Mary Ellen Halliday
Mary’s father, Abel, died while the family was living in St. Louis. Mary traveled west to Utah with her mother and her younger brother, Stephen, in the summer of 1868 as members of an unnamed Mormon Pioneer wagon company.
Following their arrival in Utah, Mary’s mother, Emily, married Charles Dalton, a widower with several young children of his own. Mary lived with her new family in Peterson, Morgan County, Utah until the family moved to Hooper, Weber County, Utah in 1870.
Mary married Willard Flinders 29 Nov 1875 in Salt Lake City, Salt Lake, Utah. Mary and Willard had eight children of record:
- Willard Samuel Flinders
- John Charles Flinders
- George Eli Flinders
- Clarence Henry Flinders
- Florence Emily Flinders
- Mary Ellen Flinders
- Sarah Elizabeth Flinders
- Alta Merle Flinders
Mary died 3 Sep 1911. She is buried in the Hooper City Cemetery.
Life History of Mary Ellen Halliday – (By Great Grand Daughter, Donna Jones Beus)
“This is what we have found about the life of our great grandmother, Mary Ellen Halliday Flinders. I wasn’t born when she was here on earth; therefore I never had the blessing of knowing her. I am grateful to be known as one of her descendants.” – Donna Jones Beus, November 2006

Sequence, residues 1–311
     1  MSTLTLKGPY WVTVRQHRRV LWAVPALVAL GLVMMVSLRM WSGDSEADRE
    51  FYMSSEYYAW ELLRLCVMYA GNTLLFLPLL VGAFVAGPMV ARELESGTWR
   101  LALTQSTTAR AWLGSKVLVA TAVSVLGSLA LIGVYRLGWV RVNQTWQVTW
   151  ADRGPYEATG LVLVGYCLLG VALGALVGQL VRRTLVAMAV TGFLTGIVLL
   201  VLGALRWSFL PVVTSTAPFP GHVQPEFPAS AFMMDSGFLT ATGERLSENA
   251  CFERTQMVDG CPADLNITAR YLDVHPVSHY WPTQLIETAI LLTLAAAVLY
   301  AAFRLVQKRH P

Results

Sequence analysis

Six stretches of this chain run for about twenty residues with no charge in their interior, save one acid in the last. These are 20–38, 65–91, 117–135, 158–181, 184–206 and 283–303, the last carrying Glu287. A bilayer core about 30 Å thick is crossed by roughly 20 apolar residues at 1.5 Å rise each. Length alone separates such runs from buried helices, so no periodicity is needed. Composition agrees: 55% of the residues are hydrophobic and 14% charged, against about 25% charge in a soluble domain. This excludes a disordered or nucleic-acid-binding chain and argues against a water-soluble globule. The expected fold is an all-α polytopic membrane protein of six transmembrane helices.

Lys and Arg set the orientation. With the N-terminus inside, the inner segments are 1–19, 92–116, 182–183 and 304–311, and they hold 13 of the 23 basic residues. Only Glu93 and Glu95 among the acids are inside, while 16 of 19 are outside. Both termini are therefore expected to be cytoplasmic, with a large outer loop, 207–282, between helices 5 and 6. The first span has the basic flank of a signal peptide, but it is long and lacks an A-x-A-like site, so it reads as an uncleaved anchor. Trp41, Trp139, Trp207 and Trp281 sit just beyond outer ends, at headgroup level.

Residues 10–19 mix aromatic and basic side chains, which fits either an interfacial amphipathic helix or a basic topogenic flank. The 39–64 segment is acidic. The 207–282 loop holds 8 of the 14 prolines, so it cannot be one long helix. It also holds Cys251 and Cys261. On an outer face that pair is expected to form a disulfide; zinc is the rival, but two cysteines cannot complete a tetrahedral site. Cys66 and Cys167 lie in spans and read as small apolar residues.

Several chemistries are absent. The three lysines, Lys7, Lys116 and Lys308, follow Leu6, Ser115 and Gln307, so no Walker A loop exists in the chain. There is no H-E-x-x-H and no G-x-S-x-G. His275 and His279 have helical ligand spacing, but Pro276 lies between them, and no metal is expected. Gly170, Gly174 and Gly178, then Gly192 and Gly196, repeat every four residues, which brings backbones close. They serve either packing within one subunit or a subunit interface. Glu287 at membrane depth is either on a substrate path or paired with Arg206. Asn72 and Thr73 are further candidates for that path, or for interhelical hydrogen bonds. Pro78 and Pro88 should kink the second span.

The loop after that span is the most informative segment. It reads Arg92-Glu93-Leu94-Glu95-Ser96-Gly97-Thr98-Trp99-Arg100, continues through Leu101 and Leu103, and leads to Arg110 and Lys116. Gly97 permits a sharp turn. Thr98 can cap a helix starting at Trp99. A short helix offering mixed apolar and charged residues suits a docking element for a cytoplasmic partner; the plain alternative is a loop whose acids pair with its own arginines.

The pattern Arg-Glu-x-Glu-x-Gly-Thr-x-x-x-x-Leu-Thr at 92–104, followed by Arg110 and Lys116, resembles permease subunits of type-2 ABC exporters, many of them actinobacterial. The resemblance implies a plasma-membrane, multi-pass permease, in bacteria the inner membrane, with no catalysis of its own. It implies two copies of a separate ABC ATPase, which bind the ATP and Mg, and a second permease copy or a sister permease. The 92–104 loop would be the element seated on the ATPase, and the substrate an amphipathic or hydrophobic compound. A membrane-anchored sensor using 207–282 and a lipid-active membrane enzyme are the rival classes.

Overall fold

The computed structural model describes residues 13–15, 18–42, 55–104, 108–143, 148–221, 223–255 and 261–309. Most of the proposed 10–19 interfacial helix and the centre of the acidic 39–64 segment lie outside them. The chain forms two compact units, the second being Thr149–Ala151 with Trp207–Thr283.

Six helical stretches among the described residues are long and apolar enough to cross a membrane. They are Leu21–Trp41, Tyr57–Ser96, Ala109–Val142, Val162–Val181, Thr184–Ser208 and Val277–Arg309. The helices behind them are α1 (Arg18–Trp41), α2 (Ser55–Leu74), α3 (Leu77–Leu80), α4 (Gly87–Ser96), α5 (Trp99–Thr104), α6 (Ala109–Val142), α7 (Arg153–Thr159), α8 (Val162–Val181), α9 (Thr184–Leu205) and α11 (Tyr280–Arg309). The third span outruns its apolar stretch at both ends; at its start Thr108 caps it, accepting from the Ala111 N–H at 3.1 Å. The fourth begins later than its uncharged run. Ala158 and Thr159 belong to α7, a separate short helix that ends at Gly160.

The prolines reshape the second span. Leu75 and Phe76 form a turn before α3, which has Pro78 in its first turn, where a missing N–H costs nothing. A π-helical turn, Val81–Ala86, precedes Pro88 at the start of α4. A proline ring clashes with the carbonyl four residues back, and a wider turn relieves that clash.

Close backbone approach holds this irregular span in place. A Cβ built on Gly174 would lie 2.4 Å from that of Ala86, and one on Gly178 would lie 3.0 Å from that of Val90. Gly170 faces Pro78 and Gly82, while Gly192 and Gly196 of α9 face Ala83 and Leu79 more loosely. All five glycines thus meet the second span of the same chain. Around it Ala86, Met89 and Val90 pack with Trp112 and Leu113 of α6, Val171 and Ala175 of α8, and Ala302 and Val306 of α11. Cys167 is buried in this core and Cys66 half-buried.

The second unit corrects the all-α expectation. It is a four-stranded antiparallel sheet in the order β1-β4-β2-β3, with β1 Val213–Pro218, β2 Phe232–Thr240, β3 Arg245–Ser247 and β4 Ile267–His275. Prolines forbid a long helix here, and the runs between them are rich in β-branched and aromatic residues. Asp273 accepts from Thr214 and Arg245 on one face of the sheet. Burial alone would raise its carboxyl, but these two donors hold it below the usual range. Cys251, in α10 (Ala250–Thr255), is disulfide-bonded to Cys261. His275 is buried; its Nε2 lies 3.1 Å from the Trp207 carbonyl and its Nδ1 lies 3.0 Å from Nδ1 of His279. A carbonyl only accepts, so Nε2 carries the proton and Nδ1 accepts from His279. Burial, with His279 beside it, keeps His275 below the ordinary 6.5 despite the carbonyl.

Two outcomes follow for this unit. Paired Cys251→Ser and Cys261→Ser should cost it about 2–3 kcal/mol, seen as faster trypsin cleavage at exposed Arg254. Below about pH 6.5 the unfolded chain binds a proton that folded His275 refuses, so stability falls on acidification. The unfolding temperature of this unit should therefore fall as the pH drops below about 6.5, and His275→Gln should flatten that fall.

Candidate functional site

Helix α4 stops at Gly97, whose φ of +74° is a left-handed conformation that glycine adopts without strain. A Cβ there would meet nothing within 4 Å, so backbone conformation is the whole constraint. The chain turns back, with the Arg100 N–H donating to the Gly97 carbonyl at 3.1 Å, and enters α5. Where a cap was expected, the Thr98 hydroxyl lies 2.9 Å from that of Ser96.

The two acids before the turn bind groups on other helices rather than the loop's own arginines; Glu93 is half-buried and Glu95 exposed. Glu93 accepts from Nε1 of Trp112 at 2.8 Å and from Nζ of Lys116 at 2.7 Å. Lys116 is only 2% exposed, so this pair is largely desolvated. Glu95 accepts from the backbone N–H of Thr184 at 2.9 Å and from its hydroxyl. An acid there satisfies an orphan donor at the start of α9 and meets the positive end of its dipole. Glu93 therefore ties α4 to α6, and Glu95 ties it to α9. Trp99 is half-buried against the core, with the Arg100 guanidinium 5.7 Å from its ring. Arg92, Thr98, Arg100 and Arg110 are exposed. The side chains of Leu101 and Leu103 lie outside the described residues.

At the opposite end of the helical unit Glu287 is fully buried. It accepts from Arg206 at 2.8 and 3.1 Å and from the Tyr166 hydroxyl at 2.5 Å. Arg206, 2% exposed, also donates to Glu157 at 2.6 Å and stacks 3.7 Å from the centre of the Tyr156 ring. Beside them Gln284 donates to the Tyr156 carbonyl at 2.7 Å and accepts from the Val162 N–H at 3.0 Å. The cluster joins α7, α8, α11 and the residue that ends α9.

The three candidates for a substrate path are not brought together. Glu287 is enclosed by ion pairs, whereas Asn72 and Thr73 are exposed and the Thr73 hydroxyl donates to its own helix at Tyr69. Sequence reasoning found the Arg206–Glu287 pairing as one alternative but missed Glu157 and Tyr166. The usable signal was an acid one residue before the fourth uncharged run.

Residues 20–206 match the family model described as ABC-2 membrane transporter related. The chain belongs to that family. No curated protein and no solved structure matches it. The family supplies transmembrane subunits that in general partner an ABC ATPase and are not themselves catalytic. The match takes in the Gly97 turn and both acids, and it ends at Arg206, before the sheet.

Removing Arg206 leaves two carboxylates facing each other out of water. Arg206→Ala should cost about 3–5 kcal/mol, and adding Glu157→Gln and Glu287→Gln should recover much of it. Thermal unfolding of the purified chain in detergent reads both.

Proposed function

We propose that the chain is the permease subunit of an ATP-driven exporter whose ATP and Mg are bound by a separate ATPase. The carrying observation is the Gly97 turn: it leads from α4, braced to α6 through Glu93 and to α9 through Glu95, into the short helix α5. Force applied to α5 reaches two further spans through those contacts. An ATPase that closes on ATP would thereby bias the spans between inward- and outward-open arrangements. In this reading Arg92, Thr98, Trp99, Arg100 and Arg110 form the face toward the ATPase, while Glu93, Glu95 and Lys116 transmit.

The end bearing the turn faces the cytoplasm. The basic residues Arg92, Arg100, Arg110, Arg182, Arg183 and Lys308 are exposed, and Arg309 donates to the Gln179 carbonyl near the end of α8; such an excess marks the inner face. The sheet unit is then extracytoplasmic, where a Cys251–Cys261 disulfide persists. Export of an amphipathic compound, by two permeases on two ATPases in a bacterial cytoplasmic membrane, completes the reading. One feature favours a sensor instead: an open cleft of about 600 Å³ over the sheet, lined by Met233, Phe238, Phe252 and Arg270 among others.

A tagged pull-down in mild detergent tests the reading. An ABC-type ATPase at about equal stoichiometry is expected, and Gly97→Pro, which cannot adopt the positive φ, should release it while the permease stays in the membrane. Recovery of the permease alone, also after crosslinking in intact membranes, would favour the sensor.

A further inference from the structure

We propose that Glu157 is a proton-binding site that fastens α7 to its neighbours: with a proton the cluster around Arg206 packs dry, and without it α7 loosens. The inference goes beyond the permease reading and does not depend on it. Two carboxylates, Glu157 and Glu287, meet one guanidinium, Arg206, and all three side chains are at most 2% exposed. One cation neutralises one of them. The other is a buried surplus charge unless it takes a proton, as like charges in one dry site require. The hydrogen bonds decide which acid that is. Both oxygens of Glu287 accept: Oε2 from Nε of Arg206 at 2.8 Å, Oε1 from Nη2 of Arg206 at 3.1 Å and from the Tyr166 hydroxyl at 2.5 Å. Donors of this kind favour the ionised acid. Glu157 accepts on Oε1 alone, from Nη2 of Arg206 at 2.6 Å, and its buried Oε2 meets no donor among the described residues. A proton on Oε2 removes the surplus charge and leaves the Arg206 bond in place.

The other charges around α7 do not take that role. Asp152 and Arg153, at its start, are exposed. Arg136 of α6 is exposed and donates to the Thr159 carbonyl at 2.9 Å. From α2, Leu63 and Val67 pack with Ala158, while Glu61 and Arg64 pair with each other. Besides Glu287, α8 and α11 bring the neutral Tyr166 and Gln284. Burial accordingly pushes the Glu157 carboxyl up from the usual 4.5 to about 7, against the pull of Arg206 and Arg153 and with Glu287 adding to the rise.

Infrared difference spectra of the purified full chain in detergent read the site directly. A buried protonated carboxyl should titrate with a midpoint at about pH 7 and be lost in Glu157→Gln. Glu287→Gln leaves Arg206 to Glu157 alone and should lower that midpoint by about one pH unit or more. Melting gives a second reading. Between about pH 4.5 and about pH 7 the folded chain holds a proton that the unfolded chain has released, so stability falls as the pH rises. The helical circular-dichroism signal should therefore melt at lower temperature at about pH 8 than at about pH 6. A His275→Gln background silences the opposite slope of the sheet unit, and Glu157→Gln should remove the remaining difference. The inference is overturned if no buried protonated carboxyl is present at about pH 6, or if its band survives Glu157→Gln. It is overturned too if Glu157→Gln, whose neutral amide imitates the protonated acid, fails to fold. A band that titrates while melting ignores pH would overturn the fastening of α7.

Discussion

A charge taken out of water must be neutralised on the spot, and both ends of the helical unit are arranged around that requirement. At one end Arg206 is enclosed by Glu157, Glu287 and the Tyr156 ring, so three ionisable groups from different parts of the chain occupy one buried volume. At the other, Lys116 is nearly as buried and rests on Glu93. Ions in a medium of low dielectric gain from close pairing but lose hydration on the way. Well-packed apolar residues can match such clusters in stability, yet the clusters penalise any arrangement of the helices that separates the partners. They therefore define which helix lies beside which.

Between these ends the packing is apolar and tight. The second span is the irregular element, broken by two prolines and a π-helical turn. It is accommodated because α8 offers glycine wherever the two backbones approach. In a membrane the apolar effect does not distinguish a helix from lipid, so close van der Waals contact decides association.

Mary Ellen was born 31 January 1860, in St. Louis, Missouri, the eighth of nine children born to Abel Halliday and Emily Stevens Halliday.
Her father, Abel was born 21 May 1826 in Bristol, Wiltshire, England, and her mother Emily was born, 26 November 1825 in Road, Somerset, England. They were married 24 December 1848 in Melksham, Wiltshire, England. They were converted to the Gospel of Jesus Christ of Latter Day Saints by Abel’s brother, John Halliday. John came to the United States, where he was converted to the church. He was then sent back to England by the Prophet Brigham Young as a Missionary, taking his wife Emily (Newman) and their children with him.
Mary Ellen’s parents sailed for America, 4 February 1853, on the ship Jersey and came to St. Louis Missouri for a short time before crossing the plains. At the time they were in England, Mary Ellen’s parents had buried two babies, and brought their only living child with them, John Thomas Halliday, age 10 months.
In order to write Mary Ellen’s history, I have to write of some of the events that happened in her parents lives, prior to Mary Ellen’s birth.